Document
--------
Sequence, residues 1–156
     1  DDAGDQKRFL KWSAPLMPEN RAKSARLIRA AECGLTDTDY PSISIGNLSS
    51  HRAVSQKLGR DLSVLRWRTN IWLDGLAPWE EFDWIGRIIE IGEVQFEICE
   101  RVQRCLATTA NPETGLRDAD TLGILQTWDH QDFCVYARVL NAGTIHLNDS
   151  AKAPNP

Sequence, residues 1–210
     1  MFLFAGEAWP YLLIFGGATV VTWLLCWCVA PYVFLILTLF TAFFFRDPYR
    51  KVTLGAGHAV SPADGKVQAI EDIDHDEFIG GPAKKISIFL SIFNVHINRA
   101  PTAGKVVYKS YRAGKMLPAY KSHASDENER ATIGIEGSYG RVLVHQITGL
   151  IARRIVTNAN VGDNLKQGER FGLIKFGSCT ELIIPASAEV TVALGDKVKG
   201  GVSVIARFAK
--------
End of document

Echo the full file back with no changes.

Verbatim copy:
Sequence, residues 1–156
     1  DDAGDQKRFL KWSAPLMPEN RAKSARLIRA AECGLTDTDY PSISIGNLSS
    51  HRAVSQKLGR DLSVLRWRTN IWLDGLAPWE EFDWIGRIIE IGEVQFEICE
   101  RVQRCLATTA NPETGLRDAD TLGILQTWDH QDFCVYARVL NAGTIHLNDS
   151  AKAPNP

Sequence, residues 1–210
     1  MFLFAGEAWP YLLIFGGATV VTWLLCWCVA PYVFLILTLF TAFFFRDPYR
    51  KVTLGAGHAV SPADGKVQAI EDIDHDEFIG GPAKKISIFL SIFNVHINRA
   101  PTAGKVVYKS YRAGKMLPAY KSHASDENER ATIGIEGSYG RVLVHQITGL
   151  IARRIVTNAN VGDNLKQGER FGLIKFGSCT ELIIPASAEV TVALGDKVKG
   201  GVSVIARFAK